A self-sealing tire isn't a run-flat tire in the sense that it can operate without air. Instead, it has a layer of sealant inside the tire that can maintain the air pressure in the event of a puncture. If you get a nail in the tire and remove it, the sealant will fill the puncture as long as it is near the center of the tread and is not larger than 5 millimeters.
The biggest advantage of the self-sealing tire is that it resembles a traditional tire. It can be mixed and matched with standard tires, and the tread life is the same. The downsides are the higher cost (roughly the same premium as a run flat tire) and restricted availability.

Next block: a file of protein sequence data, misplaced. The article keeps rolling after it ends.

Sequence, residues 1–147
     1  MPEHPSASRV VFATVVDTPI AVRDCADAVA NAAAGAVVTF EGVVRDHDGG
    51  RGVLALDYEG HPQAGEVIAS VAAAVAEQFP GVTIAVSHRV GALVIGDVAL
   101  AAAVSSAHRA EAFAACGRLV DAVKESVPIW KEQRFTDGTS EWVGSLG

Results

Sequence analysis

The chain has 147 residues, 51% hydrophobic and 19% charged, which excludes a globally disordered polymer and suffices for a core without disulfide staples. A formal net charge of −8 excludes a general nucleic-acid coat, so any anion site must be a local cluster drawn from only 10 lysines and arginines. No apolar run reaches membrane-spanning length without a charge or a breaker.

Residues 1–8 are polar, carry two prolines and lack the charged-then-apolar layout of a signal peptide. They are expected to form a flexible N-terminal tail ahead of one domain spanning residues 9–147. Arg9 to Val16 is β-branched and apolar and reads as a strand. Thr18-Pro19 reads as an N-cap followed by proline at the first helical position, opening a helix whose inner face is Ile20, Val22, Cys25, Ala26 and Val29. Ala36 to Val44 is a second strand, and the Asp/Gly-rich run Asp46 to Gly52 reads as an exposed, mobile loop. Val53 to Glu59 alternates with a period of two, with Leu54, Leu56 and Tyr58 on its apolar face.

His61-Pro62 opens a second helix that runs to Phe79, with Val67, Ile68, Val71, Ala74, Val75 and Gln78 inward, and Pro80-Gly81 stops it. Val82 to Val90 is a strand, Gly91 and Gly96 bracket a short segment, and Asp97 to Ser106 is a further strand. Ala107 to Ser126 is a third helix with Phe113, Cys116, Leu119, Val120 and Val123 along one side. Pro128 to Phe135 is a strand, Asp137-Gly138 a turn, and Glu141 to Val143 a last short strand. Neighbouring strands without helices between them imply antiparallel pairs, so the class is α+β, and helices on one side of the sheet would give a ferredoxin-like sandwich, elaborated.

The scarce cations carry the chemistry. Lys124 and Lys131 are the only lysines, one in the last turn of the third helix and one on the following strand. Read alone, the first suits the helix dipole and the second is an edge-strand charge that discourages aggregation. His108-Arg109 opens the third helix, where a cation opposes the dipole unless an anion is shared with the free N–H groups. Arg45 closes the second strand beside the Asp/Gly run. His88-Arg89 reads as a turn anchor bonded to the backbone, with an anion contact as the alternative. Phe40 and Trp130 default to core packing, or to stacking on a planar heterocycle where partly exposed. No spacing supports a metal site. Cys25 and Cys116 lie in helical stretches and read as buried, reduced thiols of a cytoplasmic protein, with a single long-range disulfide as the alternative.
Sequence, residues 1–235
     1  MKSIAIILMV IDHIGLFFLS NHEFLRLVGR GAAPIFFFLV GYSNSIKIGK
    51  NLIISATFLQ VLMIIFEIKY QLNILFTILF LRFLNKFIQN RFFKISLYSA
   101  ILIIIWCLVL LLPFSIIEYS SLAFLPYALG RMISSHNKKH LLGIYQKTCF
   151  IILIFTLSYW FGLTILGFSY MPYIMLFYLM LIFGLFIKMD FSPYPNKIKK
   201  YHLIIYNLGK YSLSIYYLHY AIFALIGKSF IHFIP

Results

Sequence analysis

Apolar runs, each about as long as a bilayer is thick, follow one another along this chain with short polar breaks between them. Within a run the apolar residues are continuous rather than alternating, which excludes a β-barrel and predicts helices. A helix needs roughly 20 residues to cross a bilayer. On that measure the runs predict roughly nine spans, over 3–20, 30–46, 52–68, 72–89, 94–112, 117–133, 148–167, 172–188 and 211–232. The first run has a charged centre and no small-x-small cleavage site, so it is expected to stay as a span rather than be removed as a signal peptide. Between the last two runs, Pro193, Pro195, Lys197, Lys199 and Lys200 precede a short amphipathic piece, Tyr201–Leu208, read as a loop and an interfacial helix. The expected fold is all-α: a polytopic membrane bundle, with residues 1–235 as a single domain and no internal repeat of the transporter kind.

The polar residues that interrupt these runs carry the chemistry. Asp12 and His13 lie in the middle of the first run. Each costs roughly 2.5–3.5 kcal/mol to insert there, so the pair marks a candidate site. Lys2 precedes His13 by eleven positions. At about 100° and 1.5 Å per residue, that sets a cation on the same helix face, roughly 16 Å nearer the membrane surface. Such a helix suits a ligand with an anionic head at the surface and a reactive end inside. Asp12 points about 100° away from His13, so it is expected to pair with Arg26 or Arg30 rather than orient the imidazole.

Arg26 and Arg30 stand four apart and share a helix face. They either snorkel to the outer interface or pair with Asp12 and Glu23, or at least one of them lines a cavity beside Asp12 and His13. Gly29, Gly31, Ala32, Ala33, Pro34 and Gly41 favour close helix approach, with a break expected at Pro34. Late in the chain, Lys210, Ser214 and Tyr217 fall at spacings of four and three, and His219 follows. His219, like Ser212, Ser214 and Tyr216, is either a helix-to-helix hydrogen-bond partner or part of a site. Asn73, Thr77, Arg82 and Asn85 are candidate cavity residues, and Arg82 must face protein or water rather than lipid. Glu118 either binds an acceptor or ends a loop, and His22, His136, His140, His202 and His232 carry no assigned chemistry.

This type of tire isn't standard on new vehicles but is worth mentioning since it is available as a replacement tire. Continental and Pirelli are two tiremakers that produce self-sealing tires.
Make an Informed Purchase
Run-flat tires seem to have more downsides than upsides, but many people swear by them. Take the time to read customer reviews and know what tires come standard on a car before you buy.